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Electoral College Change?

I continue to think it's stupid that California gets 54 or 55 electoral college votes, despite margins that are nowhere near 100% victory for any one candidate.

What would be so bad about this:
- Keep the electoral college count the same way it is now.
- Round to the nearest whole number the electoral college votes along the lines of the popular vote count.
- In case of a tie, popular count across the whole country decides the winner.

In other words, if California voted 57% for candidate A and 42% for candidate B (and 1% for C), then you'd split the votes (assuming 55):
- 55 * 0.57 = 31
- 55 * 0.42 = 23
- 55 * 0.01 = 1

The way the current system works Texas tends to get 38 Republican votes and New York and California award 29 and 55. Win two states - even by a 50/49/1 margin - and you've got 84 of the 270 votes needed to win (31%!).

Silly.

The problem is, the people who are able to change the electoral college are the ones who were just voted into office via that system, removing the incentive to change the system.

The electoral college dates back quite a ways to when individuals were not able to be terribly well informed. They didn't have radio let alone TV, the Internet, etc. So the "people in the know" were chosen to vote on behalf of the residents of their regions.

We're way past that these days.

5 Responses to "Electoral College Change?"

  1. States can choose how to award electoral votes however they wish. Most are winner-take-all, but Nebraska and Maine aren't. I don't see how "the ones who were just voted into office via that system" are involved at all.

    California has agreed to the National Popular Vote Interstate Compact which would cause the state to change the way it awards electors once the conditions of the compact are met. (Basically once enough states have entered the compact that their electoral votes would make up a majority of the Electoral College.)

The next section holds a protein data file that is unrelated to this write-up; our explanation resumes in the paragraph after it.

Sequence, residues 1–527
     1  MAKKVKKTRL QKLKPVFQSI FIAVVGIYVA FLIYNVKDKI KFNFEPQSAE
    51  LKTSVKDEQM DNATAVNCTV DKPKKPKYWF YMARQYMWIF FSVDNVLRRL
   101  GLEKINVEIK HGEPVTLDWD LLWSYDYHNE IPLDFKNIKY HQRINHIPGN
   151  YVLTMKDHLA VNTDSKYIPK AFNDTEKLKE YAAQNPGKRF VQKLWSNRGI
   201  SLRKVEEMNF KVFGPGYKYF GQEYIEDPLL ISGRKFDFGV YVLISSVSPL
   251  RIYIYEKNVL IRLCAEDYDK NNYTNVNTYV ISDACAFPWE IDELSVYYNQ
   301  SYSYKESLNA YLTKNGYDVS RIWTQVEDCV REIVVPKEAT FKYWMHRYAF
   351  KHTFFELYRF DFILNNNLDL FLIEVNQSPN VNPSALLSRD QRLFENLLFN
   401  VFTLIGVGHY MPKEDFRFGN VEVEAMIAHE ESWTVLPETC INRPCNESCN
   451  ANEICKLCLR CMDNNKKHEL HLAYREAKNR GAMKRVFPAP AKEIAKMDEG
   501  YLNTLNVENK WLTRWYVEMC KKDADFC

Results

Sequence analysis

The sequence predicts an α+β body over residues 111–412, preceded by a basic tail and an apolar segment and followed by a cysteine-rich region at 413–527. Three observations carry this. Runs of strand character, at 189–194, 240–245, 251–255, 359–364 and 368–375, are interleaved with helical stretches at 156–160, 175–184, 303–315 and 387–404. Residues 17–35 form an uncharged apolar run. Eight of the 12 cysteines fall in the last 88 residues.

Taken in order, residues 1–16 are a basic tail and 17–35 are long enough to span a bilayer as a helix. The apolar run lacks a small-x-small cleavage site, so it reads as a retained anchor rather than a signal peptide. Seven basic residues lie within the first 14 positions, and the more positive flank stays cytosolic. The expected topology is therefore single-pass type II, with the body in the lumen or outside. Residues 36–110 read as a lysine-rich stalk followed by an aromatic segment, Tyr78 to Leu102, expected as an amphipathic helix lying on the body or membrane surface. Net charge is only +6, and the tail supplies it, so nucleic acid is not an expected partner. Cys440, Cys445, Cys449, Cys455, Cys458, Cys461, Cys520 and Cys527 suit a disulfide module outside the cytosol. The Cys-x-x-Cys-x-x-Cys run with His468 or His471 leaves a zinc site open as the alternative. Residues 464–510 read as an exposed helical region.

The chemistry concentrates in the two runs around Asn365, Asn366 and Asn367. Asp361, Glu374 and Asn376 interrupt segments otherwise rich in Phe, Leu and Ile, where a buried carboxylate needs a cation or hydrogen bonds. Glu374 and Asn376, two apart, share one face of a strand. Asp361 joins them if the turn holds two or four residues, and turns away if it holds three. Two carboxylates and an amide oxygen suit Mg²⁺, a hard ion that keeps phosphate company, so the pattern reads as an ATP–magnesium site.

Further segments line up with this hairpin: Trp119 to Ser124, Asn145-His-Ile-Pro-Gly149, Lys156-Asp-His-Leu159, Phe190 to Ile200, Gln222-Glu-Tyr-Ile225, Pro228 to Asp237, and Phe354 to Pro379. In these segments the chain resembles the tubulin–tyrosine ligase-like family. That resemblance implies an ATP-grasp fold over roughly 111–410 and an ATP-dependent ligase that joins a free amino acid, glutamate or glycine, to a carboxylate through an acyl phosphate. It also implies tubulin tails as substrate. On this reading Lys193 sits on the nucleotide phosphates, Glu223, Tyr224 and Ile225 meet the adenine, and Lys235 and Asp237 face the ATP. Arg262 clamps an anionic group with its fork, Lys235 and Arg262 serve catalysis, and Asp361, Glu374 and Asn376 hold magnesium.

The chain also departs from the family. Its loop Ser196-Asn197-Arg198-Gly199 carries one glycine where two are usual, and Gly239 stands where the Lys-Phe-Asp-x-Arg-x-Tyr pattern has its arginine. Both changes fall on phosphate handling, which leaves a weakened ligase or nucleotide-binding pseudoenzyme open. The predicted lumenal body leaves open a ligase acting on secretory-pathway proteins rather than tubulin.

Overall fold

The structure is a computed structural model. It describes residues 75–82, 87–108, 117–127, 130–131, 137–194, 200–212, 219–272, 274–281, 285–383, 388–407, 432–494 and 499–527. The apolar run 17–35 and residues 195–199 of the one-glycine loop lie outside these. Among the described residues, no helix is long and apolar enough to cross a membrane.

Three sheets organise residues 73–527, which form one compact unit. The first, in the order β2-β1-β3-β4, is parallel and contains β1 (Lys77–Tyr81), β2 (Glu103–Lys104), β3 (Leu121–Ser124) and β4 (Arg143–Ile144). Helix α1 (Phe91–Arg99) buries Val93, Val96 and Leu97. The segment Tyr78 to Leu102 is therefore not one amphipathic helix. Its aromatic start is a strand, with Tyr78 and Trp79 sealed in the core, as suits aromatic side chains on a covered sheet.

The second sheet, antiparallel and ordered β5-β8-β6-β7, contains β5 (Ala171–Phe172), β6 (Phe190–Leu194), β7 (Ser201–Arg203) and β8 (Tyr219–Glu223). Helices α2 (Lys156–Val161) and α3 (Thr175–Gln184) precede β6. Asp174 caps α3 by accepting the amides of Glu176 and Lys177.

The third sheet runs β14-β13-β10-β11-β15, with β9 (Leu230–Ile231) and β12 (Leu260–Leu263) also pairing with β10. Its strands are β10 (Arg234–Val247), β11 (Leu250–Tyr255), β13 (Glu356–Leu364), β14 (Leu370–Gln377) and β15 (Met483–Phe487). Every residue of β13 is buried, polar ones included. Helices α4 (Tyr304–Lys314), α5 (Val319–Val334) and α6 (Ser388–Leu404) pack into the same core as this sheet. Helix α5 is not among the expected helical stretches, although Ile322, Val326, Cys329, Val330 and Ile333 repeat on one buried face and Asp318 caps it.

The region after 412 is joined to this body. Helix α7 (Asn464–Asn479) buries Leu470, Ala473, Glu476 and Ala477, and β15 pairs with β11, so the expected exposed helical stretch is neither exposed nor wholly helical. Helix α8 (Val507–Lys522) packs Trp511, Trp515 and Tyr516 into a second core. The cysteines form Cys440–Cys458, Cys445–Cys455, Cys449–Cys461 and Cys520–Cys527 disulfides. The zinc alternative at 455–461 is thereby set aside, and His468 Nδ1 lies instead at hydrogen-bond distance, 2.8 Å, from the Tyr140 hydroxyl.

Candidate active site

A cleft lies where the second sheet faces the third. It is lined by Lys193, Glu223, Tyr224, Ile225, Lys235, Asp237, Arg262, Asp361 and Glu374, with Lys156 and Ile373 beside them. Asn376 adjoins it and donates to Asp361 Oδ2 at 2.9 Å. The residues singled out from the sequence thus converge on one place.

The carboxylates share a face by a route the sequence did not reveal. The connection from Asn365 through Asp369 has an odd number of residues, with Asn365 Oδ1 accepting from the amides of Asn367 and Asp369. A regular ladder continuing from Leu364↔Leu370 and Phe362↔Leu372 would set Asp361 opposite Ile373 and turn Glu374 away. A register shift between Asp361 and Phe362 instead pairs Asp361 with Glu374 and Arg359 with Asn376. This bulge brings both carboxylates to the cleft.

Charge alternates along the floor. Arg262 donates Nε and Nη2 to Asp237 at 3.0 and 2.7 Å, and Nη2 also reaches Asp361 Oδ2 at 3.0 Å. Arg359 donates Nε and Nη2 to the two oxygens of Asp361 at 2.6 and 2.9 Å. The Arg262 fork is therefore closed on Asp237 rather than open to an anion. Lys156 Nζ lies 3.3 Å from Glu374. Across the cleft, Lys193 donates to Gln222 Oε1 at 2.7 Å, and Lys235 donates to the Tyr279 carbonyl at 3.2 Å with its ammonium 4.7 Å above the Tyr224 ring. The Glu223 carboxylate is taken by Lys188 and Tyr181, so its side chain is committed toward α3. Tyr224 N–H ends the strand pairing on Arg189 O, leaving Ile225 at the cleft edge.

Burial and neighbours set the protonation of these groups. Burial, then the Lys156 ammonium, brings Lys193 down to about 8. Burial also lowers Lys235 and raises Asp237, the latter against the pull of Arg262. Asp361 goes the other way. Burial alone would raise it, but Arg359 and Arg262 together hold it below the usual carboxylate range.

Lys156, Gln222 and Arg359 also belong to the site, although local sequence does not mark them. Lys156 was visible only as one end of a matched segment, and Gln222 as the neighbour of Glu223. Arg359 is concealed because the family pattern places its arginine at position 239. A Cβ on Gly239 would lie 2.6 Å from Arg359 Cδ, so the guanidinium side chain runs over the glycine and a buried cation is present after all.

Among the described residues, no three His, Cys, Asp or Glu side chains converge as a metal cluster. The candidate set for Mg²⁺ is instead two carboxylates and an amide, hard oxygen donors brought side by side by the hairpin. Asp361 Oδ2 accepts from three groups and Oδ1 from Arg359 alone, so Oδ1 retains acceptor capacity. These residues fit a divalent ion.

1. Tim Buchheim said on November 7, 2012:

      States can choose how to award electoral votes however they wish.

      I know.

      Tim Buchheim said on November 7, 2012:

      I don't see how "the ones who were just voted into office via that system" are involved at all.

      The Democratic Party is in charge of the White House and the Senate. A bill changing the idea of the electoral college is a federal issue, is it not? Yes, how each state awards their votes is a state issue, but if a change was to be made to the electoral college as a whole, it would be a federal issue, wouldn't it?

      Tim Buchheim said on November 7, 2012:

      California has agreed to the National Popular Vote Interstate Compact which would cause the state to change the way it awards electors once the conditions of the compact are met. (Basically once enough states have entered the compact that their electoral votes would make up a majority of the Electoral College.)

      Thanks. I didn't know about that. I see that PA has pending litigation to join as well. I imagine it will pick up steam. Probably won't matter in 2016, but perhaps by 2020? Thanks.

  2. > The electoral college dates back quite a ways to when individuals were not able to be terribly well informed. ... So the "people in the know" were chosen to vote on behalf of the residents of their regions.

    Not even close to correct. Since the federal government is the creation of the states, the electoral college is the method by which the states, not the people, elect the president.

    1. mysterian said on November 8, 2012:

      Not even close to correct.

      We'll have to agree to disagree on that. I feel I said as much.

  3. [...] wrote quickly about this before, but Mark Jaquith has another take on how to fix the electoral [...]


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